Sweet and Tangy – Not Your Everyday Caramel

Caramels: Golden, soft, chewy concoction that believe it or not, leave me personally completely unmoved. Too sweet, too single dimensional for me. Now, if you introduce an additional flavor, say cayenne, bourbon or such – then my interest is piqued…

Two Red Bowls is a beautifully photographed blog that introduced me to Apple Cider- Crème Fraiche Caramels. (http://tworedbowls.com/2014/10/28/apple-cider-creme-fraiche-caramels/) Apple cider reduced down to syrup. Tangy crème fraiche and golden caramel - I had to try them!

The ingredients can mostly be found in your pantry and your local grocery store: brown sugar, cinnamon, salt, granulated sugar, butter, apple cider and crème fraiche (French style sour cream: thick and tangy).


The apple cider is reduced down tosyrup than is cooked with the rest of the ingredients to 225F, poured into a greased parchment lined 8x8” pan and cooled, before it is cut and wrapped. This results in a caramel that actually tastes like a Granny Smith caramel apple. This is NOT for the caramel traditionalists, but if like me you appreciate the tangy and sweet combination of caramel apples – this recipe is for you!!


Adapted by Tworedbowls.com from thesmittenkitchen.com


  • 4 cups (945 ml) apple cider
  • 1/2 tsp ground cinnamon (or more, to taste)
  • 2 tsp flaky salt, plus more for sprinkling
  • 8 tablespoons (115 grams or 1 stick) unsalted butter, cut into chunks
  • 1 cup (200 grams) granulated sugar
  • 1/2 cup (110 grams) packed light brown sugar
  • 1/3 cup (80 ml) crème fraiche
  • Neutral oil for the knife


  1. Boil the apple cider in a large pot over high heat until it reduces to a dark, thick syrup, between 1/3 and 1/2 cup in volume. It should take about 35 to 40 minutes, and by the end, bubbles will begin to turn shiny, viscous, and pop more slowly.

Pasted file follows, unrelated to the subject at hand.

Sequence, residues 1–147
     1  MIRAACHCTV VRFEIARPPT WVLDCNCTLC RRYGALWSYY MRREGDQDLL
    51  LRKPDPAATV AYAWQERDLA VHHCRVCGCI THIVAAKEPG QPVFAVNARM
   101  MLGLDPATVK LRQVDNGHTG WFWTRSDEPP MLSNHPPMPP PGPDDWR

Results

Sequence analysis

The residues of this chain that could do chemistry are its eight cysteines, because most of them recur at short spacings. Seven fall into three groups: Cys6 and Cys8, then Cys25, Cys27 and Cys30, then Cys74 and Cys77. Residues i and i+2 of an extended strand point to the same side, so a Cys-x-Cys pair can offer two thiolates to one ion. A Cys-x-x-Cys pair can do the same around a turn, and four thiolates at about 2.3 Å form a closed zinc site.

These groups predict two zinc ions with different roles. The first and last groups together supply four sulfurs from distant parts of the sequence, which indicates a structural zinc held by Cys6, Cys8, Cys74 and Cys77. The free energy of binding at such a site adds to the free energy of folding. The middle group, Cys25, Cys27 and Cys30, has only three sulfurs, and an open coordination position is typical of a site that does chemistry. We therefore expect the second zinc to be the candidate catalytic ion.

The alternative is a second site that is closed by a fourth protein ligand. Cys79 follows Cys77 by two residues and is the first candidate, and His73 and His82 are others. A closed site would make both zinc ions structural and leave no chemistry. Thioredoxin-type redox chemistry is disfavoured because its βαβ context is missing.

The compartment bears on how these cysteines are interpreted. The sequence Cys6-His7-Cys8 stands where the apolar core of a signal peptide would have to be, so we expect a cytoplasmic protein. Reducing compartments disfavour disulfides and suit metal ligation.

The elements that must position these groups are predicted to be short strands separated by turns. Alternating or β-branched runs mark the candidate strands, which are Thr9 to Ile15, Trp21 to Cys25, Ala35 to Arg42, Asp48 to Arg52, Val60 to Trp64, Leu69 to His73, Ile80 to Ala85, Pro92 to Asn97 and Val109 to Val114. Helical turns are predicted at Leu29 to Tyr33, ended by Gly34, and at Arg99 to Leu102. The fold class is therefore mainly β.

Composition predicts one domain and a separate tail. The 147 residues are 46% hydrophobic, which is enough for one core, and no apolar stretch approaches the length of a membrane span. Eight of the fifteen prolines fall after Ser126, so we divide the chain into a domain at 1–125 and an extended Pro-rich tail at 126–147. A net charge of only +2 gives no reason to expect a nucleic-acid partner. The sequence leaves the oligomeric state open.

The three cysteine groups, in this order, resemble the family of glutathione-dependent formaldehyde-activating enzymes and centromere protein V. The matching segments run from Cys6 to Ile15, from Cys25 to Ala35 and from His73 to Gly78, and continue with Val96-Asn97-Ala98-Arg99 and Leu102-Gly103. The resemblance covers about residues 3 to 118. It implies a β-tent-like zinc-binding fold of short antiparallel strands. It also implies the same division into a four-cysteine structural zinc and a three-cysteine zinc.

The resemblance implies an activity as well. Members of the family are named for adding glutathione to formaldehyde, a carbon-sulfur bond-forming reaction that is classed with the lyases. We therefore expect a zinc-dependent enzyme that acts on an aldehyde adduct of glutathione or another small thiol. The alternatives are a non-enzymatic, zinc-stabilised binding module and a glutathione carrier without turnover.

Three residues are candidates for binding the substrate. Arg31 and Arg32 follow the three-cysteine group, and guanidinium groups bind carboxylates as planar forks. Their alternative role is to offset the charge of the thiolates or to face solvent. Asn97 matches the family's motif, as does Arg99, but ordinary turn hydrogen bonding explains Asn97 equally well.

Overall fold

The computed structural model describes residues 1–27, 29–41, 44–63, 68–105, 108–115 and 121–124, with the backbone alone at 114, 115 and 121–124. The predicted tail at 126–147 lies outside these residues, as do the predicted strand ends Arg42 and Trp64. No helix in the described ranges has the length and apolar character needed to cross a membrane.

1. While the apple cider is reducing, line the bottom and sides of an 8- inch straight- sided square metal baking pan with 2 long sheets of crisscrossed parchment. Set aside. Stir the cinnamon and flaky salt together in a small dish, and have the butter, sugars, and creme fraiche measured out and ready to go.
  2. When the apple cider has reduced, remove it from the heat and stir in the butter, sugars, and creme fraiche, just until dissolved. Return the pot to medium-high heat with a candy thermometer attached to the side, and let it boil until the thermometer reads 252 degrees, only about 5 minutes. Keep a close eye on it.
  1. If you don't have a thermometer, prepare a bowl of very cold water while the caramel is boiling. Cook the caramel until a spoonful dropped into the water becomes firm, chewy, and able to be plied into a ball. You may want to cook the caramel at a lower heat for a little longer, to give yourself time to test the caramel before taking it off the heat.
  2. When the caramel is at the right temperature or consistency, immediately remove it from heat, add the cinnamon-salt mixture, and give the caramel several stirs to distribute it evenly. Pour the caramel into the prepared pan. Let it sit at room temperature or in the fridge until cool and firm. At room temperature, it will take about two hours; in the fridge, one should do it.
  1. Once caramel is firm, use the parchment paper to transfer the block to a cutting board. Use a well-oiled knife or a pizza wheel, oiling it after each cut, to cut the caramel into 1-by-1-inch squares. It will slice better when cold. Optionally, sprinkle each square with a bit of flaky salt. Wrap each one in a roughly 3x4-inch piece of waxed or parchment paper, twisting the sides to close.


If you don't have crème fraîche, just sub in equal parts heavy cream.